1-4 of 4 results  for:

  • Education and scholarship x
  • psychologist x
  • Sex: Female x
Clear all

Article

Calkins, Mary Whiton (30 March 1863–26 February 1930), psychologist and philosopher, was born in Hartford, Connecticut, the daughter of Wolcott Calkins, a Protestant clergyman, and Charlotte Whiton, a social activist. The close-knit family included two daughters and three sons, and Mary remained devoted to her family and its Christian values her entire life....

Article

Irwin, Elisabeth Antoinette (29 August 1880–16 October 1942), educator and psychologist, was born in Brooklyn, New York, the daughter of William Henry Irwin and Josephina Augusta Easton. Her father, a cotton merchant, provided a comfortable living, sending Irwin to Packer Collegiate Institute in Brooklyn and to Smith College (A.B., 1903). As with many Smith students of the day, Irwin became interested in the settlement house movement and in a career in social work. During the summer after graduation, she took classes at the New York School of Philanthropy (later the New York School of Social Work). That fall she began work supervising a playground (1903–1904) and then became a resident at the College Settlement on New York’s Lower East Side. She also worked for a time as a freelance journalist....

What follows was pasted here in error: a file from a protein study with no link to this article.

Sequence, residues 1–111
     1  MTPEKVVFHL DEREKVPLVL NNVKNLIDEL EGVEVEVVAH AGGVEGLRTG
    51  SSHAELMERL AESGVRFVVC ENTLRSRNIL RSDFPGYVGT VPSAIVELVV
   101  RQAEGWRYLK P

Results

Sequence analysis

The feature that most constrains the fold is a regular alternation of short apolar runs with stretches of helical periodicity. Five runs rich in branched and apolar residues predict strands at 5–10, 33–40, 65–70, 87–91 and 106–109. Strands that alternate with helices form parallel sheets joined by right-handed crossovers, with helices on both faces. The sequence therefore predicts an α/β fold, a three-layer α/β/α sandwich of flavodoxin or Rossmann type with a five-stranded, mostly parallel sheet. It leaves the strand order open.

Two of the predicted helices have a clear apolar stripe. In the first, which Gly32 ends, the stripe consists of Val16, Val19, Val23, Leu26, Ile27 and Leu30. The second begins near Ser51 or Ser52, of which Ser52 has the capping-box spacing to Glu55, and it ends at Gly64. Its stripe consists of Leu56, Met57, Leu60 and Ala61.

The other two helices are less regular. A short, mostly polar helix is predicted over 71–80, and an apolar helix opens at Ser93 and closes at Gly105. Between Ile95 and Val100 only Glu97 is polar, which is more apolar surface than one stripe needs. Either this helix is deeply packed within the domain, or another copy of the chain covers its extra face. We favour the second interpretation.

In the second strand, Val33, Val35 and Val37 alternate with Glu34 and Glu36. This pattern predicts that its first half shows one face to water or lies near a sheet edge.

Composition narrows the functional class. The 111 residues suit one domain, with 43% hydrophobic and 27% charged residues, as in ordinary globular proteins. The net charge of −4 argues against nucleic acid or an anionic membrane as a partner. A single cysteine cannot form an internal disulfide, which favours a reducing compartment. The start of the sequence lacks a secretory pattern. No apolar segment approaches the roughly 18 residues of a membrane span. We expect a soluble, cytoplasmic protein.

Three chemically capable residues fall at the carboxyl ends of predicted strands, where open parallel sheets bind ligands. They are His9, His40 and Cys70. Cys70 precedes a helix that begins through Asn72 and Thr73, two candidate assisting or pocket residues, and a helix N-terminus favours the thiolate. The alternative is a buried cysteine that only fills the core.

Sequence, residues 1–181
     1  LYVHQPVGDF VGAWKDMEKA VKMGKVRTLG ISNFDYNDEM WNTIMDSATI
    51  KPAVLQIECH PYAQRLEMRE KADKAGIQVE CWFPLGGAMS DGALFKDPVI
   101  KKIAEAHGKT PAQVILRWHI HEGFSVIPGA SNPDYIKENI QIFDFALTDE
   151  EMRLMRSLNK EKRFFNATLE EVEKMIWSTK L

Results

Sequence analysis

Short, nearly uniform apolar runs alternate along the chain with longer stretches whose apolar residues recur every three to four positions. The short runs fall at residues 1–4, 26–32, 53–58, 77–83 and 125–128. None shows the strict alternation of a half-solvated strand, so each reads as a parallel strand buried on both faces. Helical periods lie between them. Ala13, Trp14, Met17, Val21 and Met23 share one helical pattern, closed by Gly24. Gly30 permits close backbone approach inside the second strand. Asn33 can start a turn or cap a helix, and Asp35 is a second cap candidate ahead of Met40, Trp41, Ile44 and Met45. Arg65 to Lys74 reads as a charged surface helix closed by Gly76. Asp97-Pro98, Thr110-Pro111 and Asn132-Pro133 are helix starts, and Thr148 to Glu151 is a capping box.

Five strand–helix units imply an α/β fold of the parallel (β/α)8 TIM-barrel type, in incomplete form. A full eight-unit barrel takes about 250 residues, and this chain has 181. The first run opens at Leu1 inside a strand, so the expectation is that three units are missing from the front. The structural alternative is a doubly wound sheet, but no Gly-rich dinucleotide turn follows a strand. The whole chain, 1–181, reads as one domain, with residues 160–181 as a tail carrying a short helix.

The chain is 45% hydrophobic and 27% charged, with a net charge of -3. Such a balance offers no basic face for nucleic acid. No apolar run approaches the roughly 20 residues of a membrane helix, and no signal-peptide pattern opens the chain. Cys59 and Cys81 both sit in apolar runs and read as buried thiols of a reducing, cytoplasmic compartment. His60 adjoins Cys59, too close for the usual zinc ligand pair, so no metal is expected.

Article

Ladd-Franklin, Christine (01 December 1847–05 March 1930), psychologist and logician, was born in Windsor, Connecticut, the daughter of Eliphalet Ladd, a farmer and merchant, and Augusta Niles. Soon after the death of her mother, when Ladd-Franklin was twelve, she went to live with her paternal grandmother in Portsmouth, New Hampshire. She graduated from Welshing Academy, a coeducational institution in Wilbraham, Massachusetts, in 1865 as valedictorian of her class. When, because of financial reverses, her father could not afford to send her to Vassar College, a maternal aunt provided the necessary funds. At Vassar she studied astronomy with ...

Article

Pruette, Lorine Livingston (3 Nov. 1896–20 Dec. 1976), psychologist, social scientist, and feminist, was born in Millersburg, Tennessee to Eulalia Miller Pruette, a former schoolteacher, and Oscar Davis Pruette, a gentleman farmer. Raised a daughter of the South, Pruette spent her first five years in a small cottage on one hundred acres where her father raised pigs, hens, cattle, and horses. This first home was isolated and rural, and her parents’ marriage was contentious. Pruette later recalled her childhood as lonely and described herself as “the odd ball” (Trigg, p. 37)....